- In pitch alignment, the primary antenna (ANT A) should be placed towards the rear of the vehicle, and the reference antenna (ANT B) placed at the front.
- When in roll alignment, the primary antenna (ANT A) should be placed to the left of the vehicle, and the reference antenna (ANT B) placed to the right.
When mounting the antennas directly to the vehicle roof, ensure that the antenna placement still follows the guidance of the single antenna above (i.e. clear ground-plane, away from obstruction).
Where possible, antennas should be placed on a level plane. The measured distance between the antennas should be the 2D distance between the antennas as viewed from above. It is not the straight-line distance between the antennas, regardless of the mounting angle.
Both antenna cables must be the same length!
Timing is a very important aspect of the dual antenna lock and identical cable lengths will ensure that signal propagation delays do not cause unreliable dual lock.
Satellite Elevation Mask
This feature can be used to improve GNSS signal quality when nearby obstacles like trees and building are reflecting or temporarily obscuring the signal from satellites at low elevation. Raising the mask will cause the GNSS engine to ignore satellites below the mask angle, so must be used carefully as it also reduces the total number of received satellites.
The elevation mask angle can be changed in VBOX Setup and by using VBOX Manager.
A GNSS coldstart may be required when:
- The GNSS engine has locked up.
- VBOX is struggling to acquire satellite lock.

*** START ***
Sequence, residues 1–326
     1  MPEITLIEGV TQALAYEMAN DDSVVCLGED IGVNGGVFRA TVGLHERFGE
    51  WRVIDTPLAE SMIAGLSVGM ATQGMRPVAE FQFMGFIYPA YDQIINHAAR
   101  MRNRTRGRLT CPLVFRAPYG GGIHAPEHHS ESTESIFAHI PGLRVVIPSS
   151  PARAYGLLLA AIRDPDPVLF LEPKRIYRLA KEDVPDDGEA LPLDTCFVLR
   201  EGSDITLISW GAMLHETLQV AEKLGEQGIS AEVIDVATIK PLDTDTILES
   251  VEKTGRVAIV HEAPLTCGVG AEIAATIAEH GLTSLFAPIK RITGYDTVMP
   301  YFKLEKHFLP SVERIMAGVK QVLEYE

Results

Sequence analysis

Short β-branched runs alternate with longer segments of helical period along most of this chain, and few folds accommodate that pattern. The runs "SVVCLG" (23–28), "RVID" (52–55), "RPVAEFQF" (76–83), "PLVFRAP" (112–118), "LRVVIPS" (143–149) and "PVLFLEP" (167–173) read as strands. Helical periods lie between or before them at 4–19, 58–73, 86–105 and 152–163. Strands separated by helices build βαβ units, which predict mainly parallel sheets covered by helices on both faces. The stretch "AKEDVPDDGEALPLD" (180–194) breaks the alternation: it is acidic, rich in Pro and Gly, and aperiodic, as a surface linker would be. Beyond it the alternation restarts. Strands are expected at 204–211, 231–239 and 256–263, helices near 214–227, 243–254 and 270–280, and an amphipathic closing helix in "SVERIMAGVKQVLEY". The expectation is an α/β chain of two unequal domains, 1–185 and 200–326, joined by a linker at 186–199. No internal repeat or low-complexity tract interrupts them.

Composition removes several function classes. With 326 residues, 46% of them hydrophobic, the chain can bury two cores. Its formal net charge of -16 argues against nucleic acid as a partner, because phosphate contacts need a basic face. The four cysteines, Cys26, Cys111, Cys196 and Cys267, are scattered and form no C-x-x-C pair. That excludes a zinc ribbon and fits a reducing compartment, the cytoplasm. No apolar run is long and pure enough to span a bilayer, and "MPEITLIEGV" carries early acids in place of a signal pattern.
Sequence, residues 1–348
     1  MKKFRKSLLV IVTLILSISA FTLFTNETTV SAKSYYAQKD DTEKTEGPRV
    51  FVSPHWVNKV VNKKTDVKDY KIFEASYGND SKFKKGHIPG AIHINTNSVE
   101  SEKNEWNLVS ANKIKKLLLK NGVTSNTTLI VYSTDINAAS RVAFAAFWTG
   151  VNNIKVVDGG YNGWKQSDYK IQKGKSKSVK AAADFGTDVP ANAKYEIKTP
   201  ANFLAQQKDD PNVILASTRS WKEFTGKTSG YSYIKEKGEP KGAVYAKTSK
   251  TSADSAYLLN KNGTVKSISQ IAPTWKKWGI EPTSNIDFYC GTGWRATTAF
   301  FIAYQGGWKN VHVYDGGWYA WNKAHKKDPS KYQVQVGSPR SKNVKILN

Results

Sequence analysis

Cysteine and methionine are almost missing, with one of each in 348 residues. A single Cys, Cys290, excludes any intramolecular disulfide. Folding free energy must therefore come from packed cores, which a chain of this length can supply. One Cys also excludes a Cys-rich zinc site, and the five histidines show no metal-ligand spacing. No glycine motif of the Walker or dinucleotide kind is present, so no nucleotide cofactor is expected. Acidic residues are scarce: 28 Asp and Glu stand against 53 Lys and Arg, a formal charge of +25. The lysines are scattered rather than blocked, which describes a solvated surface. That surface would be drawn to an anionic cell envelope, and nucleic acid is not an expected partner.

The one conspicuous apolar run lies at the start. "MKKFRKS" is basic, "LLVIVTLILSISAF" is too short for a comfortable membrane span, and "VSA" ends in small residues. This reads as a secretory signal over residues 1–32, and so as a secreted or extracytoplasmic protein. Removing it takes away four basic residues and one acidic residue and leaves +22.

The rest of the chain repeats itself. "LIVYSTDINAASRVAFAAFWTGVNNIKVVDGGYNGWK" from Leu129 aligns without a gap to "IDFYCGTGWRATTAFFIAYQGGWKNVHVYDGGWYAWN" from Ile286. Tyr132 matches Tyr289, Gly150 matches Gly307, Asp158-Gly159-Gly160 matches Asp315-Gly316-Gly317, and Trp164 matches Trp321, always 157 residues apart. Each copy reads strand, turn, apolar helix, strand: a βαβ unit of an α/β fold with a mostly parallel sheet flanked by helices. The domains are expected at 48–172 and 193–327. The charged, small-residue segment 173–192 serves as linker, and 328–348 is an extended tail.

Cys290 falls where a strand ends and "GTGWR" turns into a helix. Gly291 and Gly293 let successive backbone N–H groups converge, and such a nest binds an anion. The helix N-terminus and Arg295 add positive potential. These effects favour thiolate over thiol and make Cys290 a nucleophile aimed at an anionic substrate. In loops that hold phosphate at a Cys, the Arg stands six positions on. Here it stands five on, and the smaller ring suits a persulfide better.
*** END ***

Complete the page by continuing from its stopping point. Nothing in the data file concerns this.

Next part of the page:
A GNSS coldstart forces the GNSS engine to reset its downloaded almanac of current satellite positions. This can be useful if the VBOX 3i is having trouble locking onto satellites, which typically occurs if the VBOX 3i has not been used for several weeks or if it was last used a long distance (over one thousand miles) away from the current location.
After performing a GNSS coldstart leave the VBOX 3i powered up in a static location where the antenna has an unobstructed view of the sky until the ‘SATS’ LED becomes solid green.
Once the VBOX3i has downloaded the new almanac it will reacquire satellites in noisy situations (such as near trees, buildings and under bridges) much quicker. It will also acquire satellite much quicker on power-up.
To perform a GNSS coldstart on the VBOX3i perform the following actions:
- Press and hold the ‘LOG’ button on the front of the VBOX 3i for five seconds until a long beep is sounded.
- When the button is released the ‘SATS’ LED will start to flash red showing that the coldstart has been performed and the GNSS engine is now not locked onto any satellites.
- After approximately 30 – 45 seconds, the ‘SATS’ LED will start to flash green / orange indicating that satellite lock has been achieved and indicating the number of satellites that it is locked onto.
When a GNSS coldstart is carried out, please note that this resets the DGPS and RTK mode to 'None'. Also, if using a dual antenna system, the VBOX 3iD/3iDR will reset dual antenna separation to default settings (1 m).